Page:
- Hardcover: 163 pages
- Publisher: Acorn Enterprises Llc; Subsequent edition (October 1, 1999)
- Language: English
- ISBN-10: 0966993403
- ISBN-13: 978-0966993400
- Product Dimensions: 6.2 x 0.5 x 9.5 inches
- Shipping Weight: 12.8 ounces
- Average Customer Review: 10 customer reviews
Amazon Best Sellers Rank:
#3,163,993 in Books (See Top 100 in Books)
- #575 in Organic Evolution
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'Mathematics of Evolution' Hardcover – October 1, 1999
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From the Publisher
Fred Hoyle's longtime friend George Carson urged Hoyle to write this book. Carson was a biologist who thought that neo-Darwinian evolution needed to be mathematically analyzed, and he knew that Hoyle was capable of doing the job. But Hoyle was preoccupied with cosmology and astronomy at the time. Only later he did turn his attention to biology. In collaboration with his former student, astronomer Chandra Wickramasinghe, he studied evidence for organic compounds in space. This work beginning in the early 1970s, and his correspondence with J.B.S. Haldane reopened Hoyle's interest in biology. In 1986, Hoyle finally did the mathematical study that Carson had urged him to do. He dedicated the book to Carson's memory. But, except for a few facsimile copies of Hoyle's manuscript, the book was not published. Now Hoyle has updated the text and written a Foreword for the publication on January 1st, 1999.
Fred Hoyle has made a good living by writing about science in a simple and comprehensible style. He retains this style in Mathematics of Evolution. The interested reader will be rewarded with a new perspective on neo-Darwinian evolution.
About the Author
Professor Hoyle has had a distinguished career as a theoretical physicist, writer and researcher. At the University of Cambridge, he was a lecturer in mathematics for eleven years before he was made Plumian professor of astronomy and experimental philosophy in 1958. He founded and was the first director of the Cambridge Institute of Theoretical Astronomy in 1967, was named an associate member of the American National Academy of Sciences in 1969, and has been an honorary professorial fellow at University College, Cardiff since 1976. He has been awarded many honors and was knighted in 1972. Sir Fred Hoyle has shown himself to be a gifted scientist and writer who is willing to address funda mental problems and to challenge established ideas in science.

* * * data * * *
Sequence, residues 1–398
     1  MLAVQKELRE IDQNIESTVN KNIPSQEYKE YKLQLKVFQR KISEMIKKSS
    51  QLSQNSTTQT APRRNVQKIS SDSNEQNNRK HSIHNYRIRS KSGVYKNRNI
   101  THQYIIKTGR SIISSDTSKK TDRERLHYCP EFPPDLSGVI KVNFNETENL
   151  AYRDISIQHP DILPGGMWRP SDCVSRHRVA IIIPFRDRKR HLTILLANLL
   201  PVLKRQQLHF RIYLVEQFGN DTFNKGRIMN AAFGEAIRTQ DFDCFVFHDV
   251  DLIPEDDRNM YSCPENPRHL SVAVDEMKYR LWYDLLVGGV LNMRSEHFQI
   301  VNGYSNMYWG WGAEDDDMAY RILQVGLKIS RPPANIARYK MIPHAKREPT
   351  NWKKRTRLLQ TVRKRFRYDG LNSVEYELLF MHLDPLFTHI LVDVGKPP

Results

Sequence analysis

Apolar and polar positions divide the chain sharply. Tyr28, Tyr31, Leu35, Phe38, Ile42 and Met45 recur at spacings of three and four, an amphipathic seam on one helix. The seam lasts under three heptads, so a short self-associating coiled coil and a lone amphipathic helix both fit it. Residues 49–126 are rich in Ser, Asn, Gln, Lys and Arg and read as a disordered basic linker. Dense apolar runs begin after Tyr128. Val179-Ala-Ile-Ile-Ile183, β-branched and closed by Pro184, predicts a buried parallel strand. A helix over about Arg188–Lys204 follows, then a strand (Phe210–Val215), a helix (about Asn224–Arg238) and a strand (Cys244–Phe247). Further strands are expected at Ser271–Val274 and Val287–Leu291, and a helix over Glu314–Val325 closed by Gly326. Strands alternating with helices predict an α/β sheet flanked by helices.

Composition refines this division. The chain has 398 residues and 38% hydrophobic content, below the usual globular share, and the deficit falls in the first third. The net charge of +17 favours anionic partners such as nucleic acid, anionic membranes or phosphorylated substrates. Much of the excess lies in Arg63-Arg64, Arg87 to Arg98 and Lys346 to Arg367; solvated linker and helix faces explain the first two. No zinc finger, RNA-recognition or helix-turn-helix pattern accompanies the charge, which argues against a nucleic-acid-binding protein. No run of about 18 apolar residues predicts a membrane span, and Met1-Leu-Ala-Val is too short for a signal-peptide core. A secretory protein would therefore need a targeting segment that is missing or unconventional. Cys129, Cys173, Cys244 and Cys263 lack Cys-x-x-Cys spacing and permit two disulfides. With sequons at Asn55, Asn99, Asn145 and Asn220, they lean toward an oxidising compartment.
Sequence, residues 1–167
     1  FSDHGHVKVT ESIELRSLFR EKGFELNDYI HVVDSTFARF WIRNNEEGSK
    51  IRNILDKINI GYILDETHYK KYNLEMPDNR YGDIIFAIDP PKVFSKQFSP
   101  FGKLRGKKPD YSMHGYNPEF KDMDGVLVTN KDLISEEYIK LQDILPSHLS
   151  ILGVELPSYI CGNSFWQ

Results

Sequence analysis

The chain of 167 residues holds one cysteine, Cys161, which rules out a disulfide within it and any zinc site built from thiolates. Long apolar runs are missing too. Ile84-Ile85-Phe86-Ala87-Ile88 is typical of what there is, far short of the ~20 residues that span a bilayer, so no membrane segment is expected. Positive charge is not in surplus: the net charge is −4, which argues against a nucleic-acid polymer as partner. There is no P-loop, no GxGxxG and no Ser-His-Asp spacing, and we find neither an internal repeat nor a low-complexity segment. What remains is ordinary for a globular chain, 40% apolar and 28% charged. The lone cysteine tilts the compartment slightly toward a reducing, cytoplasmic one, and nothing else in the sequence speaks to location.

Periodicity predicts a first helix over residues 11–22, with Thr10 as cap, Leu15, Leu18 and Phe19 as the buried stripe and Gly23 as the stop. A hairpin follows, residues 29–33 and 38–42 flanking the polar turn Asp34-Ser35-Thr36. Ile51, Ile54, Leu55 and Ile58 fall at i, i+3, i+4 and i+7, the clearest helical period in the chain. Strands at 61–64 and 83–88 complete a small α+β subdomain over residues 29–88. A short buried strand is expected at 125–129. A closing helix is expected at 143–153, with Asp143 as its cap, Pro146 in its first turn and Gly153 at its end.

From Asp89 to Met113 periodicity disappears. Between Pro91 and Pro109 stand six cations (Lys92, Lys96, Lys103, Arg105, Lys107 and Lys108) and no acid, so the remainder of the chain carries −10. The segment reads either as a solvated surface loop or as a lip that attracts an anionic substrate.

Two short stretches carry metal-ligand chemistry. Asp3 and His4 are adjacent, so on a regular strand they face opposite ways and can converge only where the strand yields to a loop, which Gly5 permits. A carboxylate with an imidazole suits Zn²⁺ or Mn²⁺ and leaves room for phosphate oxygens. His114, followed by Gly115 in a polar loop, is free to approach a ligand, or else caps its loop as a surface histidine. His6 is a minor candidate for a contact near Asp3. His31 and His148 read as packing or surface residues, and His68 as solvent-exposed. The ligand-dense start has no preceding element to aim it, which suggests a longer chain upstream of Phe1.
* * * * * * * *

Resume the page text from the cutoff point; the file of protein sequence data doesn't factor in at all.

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The author does mention the idea of punctuated equilibrium but points out the absence of plausible mechanisms for it. He then proceeds to mention his hypothesis of "Evolution from Space" (his book, "Cosmic Life Force" goes into more detail) as a possible mechanism; that is, genetic fragments are constantly falling to Earth from outer space and getting incorporated into DNA of various species - sort of like the novel "The Einstein Intersection" by Samuel R. Delany.
I think the book is worth reading and struggling through; it is a very dense introduction to mathematical genetics and has a good discussion of the short-comings of standard Darwinism.
This book is very much in character for Hoyle, and I highly recommend it. Few minds in the twentieth century have provided such a constant challenge to the intelligent as has Hoyle throughout his many books and papers in a long career.
It is often a person outside a great field who sees it the most clear-eyed way and knows where it needs to blush because it has cheated.
- Patrick Gunkel
His results support the Darwinian findings that 'explain the fine details of the matching of many species to their environment', and undermine the extrapolation of those findings 'to broader taxonomic categories, to kingdoms, divisions, classes, and orders'.
Professor Hoyle states explicitly that he has no theistic faith, but forthrightly (attention, please, all sides of the creationist debate) challenges that the Darwinian theory 'is wrong, and that continued adherence to it is an impediment to discovering the correct evolutionary theory'. He continues: 'To the extent that one is deflected by socioreligious considerations from correcting what is wrong, one hands a victory to opponents'.
Advanced mathematical capability is necessary to follow the book's argument closely, but the text is written in lucid and engaging language which will carry any interested reader along.
This vital work was available only in a few manuscript copies for many years, and the publication by Acorn Enterprises in Memphis Tennessee is a service to the future. I recommend the book for its argument, its nobility, and its value to your great-grandchildren.
As to the mathematics, he understands the problem. Unlike one of the readers has noted, the math and the criticism as well as the new proposals do not shatter under Kimuta or Fisher, for example. Fisher is especially important for so much is based on foundations that simply do not hold up. Accepted models are not the same thing as evidence, and we shouldn't forget it. Current synthesis fails, and instead of dogmatically defending it, its time to open our minds. More research is warranted in this field.